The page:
Wind’s dirty secret: it goes on vacation in the summer and year-round in the South East

USA summer map 2-14


Figure 1. Summer wind across the USA is barely to not economically viable Class 3 (light blue), or not at all economically viable Class 2 (orange) and class 1 (blank) (NREL), with very limited darker blue (class 4) and tiny dots of higher class 5+ to provide power for the entire US.

Someday wind and solar will need to contribute over 50% of power due to declining fossil fuels and uranium

Is this possible?

Wind (and solar) have to contribute the majority of renewable power, because there isn’t enough potential power from biomass, geothermal, hydropower, or energy storage for reasons discussed further below.

Wind is unpredictable, uncertain, unreliable — off at the pub like a Dickensian father drinking his paycheck anywhere from 57.0% to 78.2% of the time in the United States (EIA), barely blowing in the summer.

Wind power is on vacation all year in the South East

Wind is not available all year at commercially viable speeds (class 3 or above) in the South Eastern United States, where no power is wind-generated now.

Wind power MW AWEA usa map

Figure 2-4. U.S. utility-scale wind power capacity year-end 2013. Source: AWEA. 2014. U.S. Wind Industry Annual Market Report, Year Ending 2013. American Wind Energy Association.

Figure 2-4. U.S. utility-scale wind power capacity year-end 2013. Source: AWEA. 2014. U.S. Wind Industry Annual Market Report, Year Ending 2013. American Wind Energy Association.













Across the entire continental United States, wind blows the most and the hardest in winter, mainly in remote states far from dense coastal population centers where the energy is most needed. Will windy states share their wind? Even if they were willing, there’s not a national transmission grid and not likely to ever be one given the cost, 10-12 years to get permits and buy right-of-way, and risk of a national grid outage.

There’s not enough prime and non-prime wind, solar, geothermal, or hydro potential power in the 11 western states of the WECC region of the electric grid to replace existing WECC fossil fuel and nuclear plants.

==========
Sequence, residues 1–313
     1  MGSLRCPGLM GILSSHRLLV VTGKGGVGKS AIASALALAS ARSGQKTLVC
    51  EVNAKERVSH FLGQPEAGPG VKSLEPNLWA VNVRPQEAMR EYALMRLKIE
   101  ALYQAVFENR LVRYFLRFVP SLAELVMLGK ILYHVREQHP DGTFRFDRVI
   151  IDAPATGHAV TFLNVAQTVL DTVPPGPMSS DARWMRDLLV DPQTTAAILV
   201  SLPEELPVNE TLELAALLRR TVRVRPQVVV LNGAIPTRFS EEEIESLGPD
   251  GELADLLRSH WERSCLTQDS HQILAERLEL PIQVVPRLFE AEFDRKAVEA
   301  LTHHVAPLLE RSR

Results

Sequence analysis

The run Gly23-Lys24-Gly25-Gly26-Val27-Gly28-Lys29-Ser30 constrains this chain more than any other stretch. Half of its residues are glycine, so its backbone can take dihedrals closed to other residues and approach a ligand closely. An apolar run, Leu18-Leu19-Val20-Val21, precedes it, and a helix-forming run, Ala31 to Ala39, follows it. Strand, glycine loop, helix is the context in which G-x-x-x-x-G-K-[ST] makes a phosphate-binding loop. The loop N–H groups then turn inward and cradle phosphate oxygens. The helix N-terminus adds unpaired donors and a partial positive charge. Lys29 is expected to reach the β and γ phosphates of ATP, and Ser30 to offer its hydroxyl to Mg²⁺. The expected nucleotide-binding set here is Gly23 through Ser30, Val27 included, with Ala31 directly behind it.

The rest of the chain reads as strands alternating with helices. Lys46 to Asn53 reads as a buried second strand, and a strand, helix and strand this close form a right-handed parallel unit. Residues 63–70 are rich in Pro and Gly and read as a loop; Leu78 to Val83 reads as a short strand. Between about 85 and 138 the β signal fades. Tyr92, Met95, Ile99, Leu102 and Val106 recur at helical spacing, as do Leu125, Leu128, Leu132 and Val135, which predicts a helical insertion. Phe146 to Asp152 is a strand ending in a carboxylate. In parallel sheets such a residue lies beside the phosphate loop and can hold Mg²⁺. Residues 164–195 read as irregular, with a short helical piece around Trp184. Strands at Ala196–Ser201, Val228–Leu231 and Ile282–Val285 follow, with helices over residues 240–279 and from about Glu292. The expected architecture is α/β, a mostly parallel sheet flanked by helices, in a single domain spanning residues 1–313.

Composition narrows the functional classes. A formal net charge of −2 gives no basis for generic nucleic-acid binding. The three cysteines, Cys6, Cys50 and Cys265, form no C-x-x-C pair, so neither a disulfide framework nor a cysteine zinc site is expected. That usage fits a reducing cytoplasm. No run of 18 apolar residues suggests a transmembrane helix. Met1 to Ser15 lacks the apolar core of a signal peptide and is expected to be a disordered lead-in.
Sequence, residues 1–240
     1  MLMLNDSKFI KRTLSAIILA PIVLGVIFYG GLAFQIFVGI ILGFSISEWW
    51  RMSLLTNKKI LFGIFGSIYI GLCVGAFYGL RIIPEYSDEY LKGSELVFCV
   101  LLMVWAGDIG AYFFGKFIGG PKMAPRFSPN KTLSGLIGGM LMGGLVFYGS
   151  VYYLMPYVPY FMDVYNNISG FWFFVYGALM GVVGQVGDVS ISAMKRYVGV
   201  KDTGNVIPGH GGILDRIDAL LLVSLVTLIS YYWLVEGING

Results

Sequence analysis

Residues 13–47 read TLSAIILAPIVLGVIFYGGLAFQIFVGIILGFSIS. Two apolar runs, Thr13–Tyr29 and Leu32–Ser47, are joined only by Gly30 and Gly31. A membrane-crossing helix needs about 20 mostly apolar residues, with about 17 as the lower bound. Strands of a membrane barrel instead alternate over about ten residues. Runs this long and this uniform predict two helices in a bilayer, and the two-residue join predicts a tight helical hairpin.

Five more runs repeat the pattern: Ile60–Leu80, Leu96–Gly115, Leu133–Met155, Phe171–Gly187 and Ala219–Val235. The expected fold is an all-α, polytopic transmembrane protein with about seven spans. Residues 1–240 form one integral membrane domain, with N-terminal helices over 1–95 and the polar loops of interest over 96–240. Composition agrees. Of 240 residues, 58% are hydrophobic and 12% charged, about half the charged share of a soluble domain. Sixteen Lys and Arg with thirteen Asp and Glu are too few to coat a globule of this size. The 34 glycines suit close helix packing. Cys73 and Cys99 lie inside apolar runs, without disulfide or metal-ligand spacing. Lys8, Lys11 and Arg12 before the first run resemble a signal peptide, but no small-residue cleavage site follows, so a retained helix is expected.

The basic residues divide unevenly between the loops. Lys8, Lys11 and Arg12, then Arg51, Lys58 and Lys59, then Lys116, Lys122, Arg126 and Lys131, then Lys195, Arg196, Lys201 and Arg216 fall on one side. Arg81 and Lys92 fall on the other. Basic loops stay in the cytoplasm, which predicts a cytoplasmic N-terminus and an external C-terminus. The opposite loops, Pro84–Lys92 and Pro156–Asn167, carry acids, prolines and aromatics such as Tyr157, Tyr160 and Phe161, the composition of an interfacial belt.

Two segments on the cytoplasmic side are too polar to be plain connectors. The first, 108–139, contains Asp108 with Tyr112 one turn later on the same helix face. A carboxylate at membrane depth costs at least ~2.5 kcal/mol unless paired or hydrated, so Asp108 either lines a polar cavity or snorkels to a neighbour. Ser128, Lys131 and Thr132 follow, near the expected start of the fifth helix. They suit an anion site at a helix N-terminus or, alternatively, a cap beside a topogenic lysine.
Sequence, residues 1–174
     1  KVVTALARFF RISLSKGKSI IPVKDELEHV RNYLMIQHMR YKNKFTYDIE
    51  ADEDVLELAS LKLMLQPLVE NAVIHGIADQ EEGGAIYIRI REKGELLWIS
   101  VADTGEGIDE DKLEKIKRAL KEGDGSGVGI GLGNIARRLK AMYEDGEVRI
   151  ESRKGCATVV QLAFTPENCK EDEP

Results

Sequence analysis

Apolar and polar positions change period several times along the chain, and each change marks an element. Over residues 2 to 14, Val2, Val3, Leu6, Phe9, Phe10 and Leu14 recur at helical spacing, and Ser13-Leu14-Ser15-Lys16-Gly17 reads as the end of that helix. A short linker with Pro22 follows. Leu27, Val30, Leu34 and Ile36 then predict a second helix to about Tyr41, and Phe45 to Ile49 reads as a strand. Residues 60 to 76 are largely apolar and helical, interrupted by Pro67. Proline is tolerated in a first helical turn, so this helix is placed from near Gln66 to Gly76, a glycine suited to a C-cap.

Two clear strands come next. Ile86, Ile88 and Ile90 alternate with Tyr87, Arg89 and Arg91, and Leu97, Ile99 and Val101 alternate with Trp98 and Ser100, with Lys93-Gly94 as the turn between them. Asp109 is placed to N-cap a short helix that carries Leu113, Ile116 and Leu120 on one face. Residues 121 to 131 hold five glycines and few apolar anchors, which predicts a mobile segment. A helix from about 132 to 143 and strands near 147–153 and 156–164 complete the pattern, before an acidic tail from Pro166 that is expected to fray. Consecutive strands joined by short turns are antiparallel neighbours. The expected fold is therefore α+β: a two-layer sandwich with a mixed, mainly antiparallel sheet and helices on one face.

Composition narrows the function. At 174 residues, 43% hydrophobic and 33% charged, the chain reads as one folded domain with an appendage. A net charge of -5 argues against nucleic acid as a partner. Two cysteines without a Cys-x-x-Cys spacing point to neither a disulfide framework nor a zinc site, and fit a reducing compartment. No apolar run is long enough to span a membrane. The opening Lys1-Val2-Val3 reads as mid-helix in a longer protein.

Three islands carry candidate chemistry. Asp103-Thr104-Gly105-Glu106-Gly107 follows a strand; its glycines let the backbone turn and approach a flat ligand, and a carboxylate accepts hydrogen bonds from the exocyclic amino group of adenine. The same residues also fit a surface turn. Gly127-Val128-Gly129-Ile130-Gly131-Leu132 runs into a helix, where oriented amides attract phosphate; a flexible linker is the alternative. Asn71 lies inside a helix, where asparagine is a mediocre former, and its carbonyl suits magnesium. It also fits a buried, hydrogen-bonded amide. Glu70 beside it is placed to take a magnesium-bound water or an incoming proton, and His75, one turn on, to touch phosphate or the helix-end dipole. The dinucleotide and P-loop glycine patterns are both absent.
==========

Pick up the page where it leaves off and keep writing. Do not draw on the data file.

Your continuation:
California’s peak demand is in the summer, when wind blows the least, so the state of California looked at importing Wyoming wind power.  But this would require adding 957 MW of natural gas plants since Wyoming wind isn’t blowing much in the summer either (NREL 2014).

Are there any banks willing to lend utilities, governments, or private businesses trillions of dollars to build tens of thousands of miles of transmission lines costing $5.5 million dollars per mile (BG) to build a national grid first, and then enough wind farms to move winter wind power from windy states to the rest of the nation?  Will states be willing to send power across state lines that they won’t benefit from (which they are already reluctant to do) at a time when they need all the power they can get as fossil fuels decline?

Nearly all wind maps show the yearly average, which is meaningless and misleading. What matters is how much wind there is every hour, every day, every week, every month, every season. Notice below how much wind varies over seasons (EIA 2015b). A tremendous amount of energy storage would be needed to compensate for lack of wind energy over the summer.

wind capacity factor by regions of U.S.


Grid operators care about wind at even smaller time intervals — 10 minutes or less — so that they can quickly curtail wind power when supply exceeds demand or ramp up natural gas plants when wind dies down. The electric grid needs to balance supply and demand within a few percent of 60 Hz, or there’s a black out.

Summer demand in Texas versus wind availability (Lesser)

As you can see below, on average the demand in the summer in Texas is far higher than the wind available.

2009-12, Summer and Annual Load and Wind Availability-ERCOT

2009-12, Summer and Annual Load and Wind Availability-ERCOT












The load-wind gap(Lesser)

We can also evaluate the load-wind “gap” in each season. We define this load-wind “gap” as the difference between the seasonal wind availability ratio and the seasonal load ratio. The seasonal wind availability ratio is defined as the average seasonal wind availability relative to average annual wind availability. Similarly, the seasonal load ratio is defined as the average load during the specific season relative to average annual load. For example, suppose the seasonal load in spring equals 90% of annual average load, but that seasonal wind generation is 120% of annual average wind generation. Then the load-wind “gap” equals 120%-90%, or +30%. A positive load-wind gap value means there is relatively more wind generation available to serve load; a negative load-wind gap value means there is relatively less wind generation available to serve load. Below you can see the seasonal load-wind “gap” for ERCOT, MISO, and PJM over the 2009-2012 period.